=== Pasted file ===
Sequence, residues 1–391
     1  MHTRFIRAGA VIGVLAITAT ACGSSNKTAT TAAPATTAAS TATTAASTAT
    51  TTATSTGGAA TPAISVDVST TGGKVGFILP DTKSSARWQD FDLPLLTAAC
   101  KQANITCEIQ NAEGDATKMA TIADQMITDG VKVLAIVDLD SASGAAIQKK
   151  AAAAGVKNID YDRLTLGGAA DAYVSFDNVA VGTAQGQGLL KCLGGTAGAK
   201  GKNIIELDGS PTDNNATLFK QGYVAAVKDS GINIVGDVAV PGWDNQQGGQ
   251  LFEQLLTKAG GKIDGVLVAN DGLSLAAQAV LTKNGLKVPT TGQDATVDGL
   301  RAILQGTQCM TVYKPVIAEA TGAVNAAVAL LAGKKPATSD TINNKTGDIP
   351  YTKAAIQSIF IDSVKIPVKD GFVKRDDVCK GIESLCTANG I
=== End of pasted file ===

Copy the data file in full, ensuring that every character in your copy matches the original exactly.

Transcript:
Sequence, residues 1–391
     1  MHTRFIRAGA VIGVLAITAT ACGSSNKTAT TAAPATTAAS TATTAASTAT
    51  TTATSTGGAA TPAISVDVST TGGKVGFILP DTKSSARWQD FDLPLLTAAC
   101  KQANITCEIQ NAEGDATKMA TIADQMITDG VKVLAIVDLD SASGAAIQKK
   151  AAAAGVKNID YDRLTLGGAA DAYVSFDNVA VGTAQGQGLL KCLGGTAGAK
   201  GKNIIELDGS PTDNNATLFK QGYVAAVKDS GINIVGDVAV PGWDNQQGGQ
   251  LFEQLLTKAG GKIDGVLVAN DGLSLAAQAV LTKNGLKVPT TGQDATVDGL
   301  RAILQGTQCM TVYKPVIAEA TGAVNAAVAL LAGKKPATSD TINNKTGDIP
   351  YTKAAIQSIF IDSVKIPVKD GFVKRDDVCK GIESLCTANG I